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Does anyone know of a rear projection HDTV (55inch+) that will do 1900x1080 that has a built in HDTV tuner that has an output for AC3? MOst of them I see out either need a seperate decoder (Pioneer), can not do full 1900x1080 resolution (yet they say 1080 on the TV) Mitsumbisi (sp is real bad on that I know), or the AC3 reciever is build in with very few outs on the ser, I need to be able to output and feed back from a PVR (the phillips).


Thanks.


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Chris
 

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If you are looking for true 1920x1080 then you probably need a set with larger than 7" tubes. Can you find this in RPTVs?


Is the 1920 resolution that important to you? Sets that can't display the full 1920 look good as well.


Richard
 

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There are no consumer based HD-RPTV's that can resole the full 1920 Hort. Pixels. Even the 9" CRT based RPTV's can't do it because they lack the very expensive focusing system that the professional 9" FPTV's have like the Sony G90 ($35,000) and the Vidikron Vison 1 ($45,00). Having 9" tubes is not enough to get the resolving power necessary to resolve 1920. You need the very small spot beam focusing system and the ultra fast retrace times.


The best thing to do is to go out and audition different HD-RPTV's and pick the one that looks best to you.


Lee

 

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And of course its questionable whether, if you could fully resolve the 1080 signal on a sixty something inch RPTV, you could begin to see all of that resolution on that small a screen at any kind of normal viewing distance. Of course its better to have it and not need it than to need it and not have it, but if you can actually resolve all of that nice detail it would be nicer to have it a slightly larger screen where you can actually see it all.



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Dean Roddey

The CIDLib C++ Frameworks

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Other than the literal resolutions you specified, the Philips 64PH9905, if you can still locate one, has what you're looking for, including the built-in tuner and 6 Dolby outputs (plus a separate, non-decoded, AC3 jack). It's a 64-in. 16X9 with 9-in. CRTs. Haven't looked into prices since last July, but I got a 9905 at a considerable discount by buying directly from Philips (because no local dealer I contacted had them). This may no longer be possible.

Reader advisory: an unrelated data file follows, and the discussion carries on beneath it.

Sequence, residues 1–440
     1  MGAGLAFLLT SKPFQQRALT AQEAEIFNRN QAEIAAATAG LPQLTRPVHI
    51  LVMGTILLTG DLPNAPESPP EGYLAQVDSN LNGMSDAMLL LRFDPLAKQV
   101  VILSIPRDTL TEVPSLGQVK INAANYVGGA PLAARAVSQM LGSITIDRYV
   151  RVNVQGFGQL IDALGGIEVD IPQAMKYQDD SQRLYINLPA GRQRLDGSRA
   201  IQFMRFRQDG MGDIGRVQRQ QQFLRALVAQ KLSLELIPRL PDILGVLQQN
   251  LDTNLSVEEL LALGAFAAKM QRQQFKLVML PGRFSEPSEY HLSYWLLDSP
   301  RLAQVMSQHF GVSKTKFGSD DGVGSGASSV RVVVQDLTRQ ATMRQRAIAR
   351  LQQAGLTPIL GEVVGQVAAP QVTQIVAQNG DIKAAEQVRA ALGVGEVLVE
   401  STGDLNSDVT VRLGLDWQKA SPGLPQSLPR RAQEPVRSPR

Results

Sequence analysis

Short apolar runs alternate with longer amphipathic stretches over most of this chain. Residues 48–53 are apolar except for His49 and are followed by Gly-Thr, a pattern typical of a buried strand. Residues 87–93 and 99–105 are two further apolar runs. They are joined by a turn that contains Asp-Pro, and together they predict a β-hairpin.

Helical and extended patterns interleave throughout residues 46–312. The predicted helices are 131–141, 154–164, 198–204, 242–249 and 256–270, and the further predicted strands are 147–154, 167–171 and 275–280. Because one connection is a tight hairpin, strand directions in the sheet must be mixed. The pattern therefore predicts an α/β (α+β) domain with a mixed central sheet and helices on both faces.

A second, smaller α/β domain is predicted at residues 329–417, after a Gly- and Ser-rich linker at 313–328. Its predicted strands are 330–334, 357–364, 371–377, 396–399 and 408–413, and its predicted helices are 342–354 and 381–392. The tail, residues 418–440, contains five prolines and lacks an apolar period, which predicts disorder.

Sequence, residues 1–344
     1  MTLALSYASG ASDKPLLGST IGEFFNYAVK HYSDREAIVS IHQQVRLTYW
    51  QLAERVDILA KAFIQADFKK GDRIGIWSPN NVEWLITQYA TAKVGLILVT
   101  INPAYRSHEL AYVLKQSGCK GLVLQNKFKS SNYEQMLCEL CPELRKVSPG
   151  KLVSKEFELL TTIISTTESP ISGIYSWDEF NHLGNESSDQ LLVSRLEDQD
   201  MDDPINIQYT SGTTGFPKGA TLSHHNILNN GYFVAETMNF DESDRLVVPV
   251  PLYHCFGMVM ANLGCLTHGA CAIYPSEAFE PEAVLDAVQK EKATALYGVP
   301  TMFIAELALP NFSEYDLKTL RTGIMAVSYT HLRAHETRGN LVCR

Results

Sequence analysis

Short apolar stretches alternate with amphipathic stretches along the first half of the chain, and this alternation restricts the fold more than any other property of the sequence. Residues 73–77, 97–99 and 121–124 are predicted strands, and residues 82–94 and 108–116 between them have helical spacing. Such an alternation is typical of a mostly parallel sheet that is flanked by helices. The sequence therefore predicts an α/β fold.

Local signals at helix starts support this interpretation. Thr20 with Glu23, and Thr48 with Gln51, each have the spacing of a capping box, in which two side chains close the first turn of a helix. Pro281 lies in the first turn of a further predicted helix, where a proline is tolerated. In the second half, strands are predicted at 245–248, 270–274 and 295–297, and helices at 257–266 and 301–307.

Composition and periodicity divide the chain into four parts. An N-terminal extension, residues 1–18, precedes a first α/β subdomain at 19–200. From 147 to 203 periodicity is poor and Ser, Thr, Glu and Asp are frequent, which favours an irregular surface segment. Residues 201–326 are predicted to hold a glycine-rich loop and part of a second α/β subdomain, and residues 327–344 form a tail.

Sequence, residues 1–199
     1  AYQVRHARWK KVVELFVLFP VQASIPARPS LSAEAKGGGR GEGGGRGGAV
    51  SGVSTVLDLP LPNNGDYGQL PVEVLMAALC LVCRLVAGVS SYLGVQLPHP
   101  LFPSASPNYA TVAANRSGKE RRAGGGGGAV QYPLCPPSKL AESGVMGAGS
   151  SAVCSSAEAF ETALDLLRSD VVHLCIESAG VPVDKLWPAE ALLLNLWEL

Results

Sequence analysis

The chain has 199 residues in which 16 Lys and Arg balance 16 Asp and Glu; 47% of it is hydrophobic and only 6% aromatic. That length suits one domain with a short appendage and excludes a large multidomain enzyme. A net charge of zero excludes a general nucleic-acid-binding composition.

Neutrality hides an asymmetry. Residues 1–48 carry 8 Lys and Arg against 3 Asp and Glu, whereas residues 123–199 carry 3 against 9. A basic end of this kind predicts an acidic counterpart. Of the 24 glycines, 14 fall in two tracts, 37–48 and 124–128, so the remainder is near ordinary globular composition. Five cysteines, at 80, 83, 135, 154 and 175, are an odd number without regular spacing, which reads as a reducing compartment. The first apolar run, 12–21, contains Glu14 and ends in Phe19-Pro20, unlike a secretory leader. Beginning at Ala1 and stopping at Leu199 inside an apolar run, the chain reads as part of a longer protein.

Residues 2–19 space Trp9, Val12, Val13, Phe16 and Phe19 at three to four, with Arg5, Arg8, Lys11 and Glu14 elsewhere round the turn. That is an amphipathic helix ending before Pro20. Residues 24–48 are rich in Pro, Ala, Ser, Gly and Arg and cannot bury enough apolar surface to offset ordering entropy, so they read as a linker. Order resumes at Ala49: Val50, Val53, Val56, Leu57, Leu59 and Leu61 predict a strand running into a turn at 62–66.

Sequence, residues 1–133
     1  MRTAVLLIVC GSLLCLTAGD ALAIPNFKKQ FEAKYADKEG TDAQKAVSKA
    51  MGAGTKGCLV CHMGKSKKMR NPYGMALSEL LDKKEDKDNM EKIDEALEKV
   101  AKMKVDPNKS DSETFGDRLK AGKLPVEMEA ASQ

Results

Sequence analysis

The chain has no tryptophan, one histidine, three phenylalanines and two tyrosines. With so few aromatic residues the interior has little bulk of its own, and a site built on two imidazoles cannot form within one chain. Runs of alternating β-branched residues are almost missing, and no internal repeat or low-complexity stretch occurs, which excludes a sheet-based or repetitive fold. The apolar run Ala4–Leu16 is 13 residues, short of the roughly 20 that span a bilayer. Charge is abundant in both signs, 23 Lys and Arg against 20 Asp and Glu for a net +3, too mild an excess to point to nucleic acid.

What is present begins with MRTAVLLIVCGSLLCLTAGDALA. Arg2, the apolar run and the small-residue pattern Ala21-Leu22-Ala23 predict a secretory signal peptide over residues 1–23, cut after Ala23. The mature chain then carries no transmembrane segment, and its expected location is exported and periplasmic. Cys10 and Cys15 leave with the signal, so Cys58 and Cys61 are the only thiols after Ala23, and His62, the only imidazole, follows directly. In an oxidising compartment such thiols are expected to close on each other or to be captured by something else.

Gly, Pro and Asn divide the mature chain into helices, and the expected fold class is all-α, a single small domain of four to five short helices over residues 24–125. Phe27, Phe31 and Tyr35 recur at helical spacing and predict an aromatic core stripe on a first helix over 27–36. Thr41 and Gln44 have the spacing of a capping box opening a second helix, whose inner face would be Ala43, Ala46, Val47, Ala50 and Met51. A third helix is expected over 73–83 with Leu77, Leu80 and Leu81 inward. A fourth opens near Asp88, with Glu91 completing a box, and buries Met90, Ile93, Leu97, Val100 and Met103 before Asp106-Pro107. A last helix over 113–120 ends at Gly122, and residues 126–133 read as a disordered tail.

I mentioned literal 1080iX1920 resolutions above because I don't know where you'd get such signals to feed into a 9905--unless you use test equipment. Philips claims (engineers as well as marketing) the 9905 will display a full 1080i signal, but what that means can become very complex, IMO.


It appears, for example, that virtually all HDTV programs aired are transmitted at 1080i X <1400 due to restrictions by the video recorders used for most production and by stations. Haven't seen any figures specifying what live 1080i broadcasts are delivered at (maximum horizontal resolution). That resolution varies with ATSC MPEG2 encoding depending on how much detail is in a split-second image and how much that image differs from similar images occurring at about the same time.


Also, tests for the ATSC, which created the HDTV standard, indicate they anticipated and measured considerably less than 1080iX1920 (see section 2.1, tables 2.2, 2.3). In a December thread (12/8 and other notes), I made a stab at simplifying these tables. Keep in mind they used stationary and moving test patterns for this data; a moving test pattern displays one resolution within the pattern and a separate resolution outside the moving pattern. Similarly, with movement within a video scene, say a golf club swing, there are differing resolutions within the scene. The ATSC committee measured 400X1780 resolution for a moving 1080iX1920 test pattern (black and white). -- John


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STOP DVI/HDCP AND DFAST




[This message has been edited by John Mason (edited 04-02-2001).]
 

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The Zenith IQB64W10W is a 64" RPTV with 9" guns that has an internal tuner and AC3 coaxial output.



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Lenny Zimmermann

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Although nothing like this currently exists, I think the "Holy Grail" of HDTV would be a fixed pixel display with 1080 X 1920 pixels. I can only dream of owning a plasma, DLP, or D-ILA display with a native 1080 by 1920 resolution. No more convergence. No problems with focus/lens for plasma. Just a perfect picture.


Scott
 

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Scott,


I believe we are about 2 or 3 years from seeing a 1920x1080 DLP chip for consumer use. We already have a 1280x720. The new JVC D'ILA chip set will be QXGA so it surpasses HDTV but will only be available to the professional market for the forseeable future.


Lee
 

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I will believe a display can "fully resolve" 1080i when I see a test pattern on it that proves that it can. Until then, I don't believe it. They can claim whatever they want.




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Frank...

Turn off the TV and read these books those in power DON'T want you to read...
 
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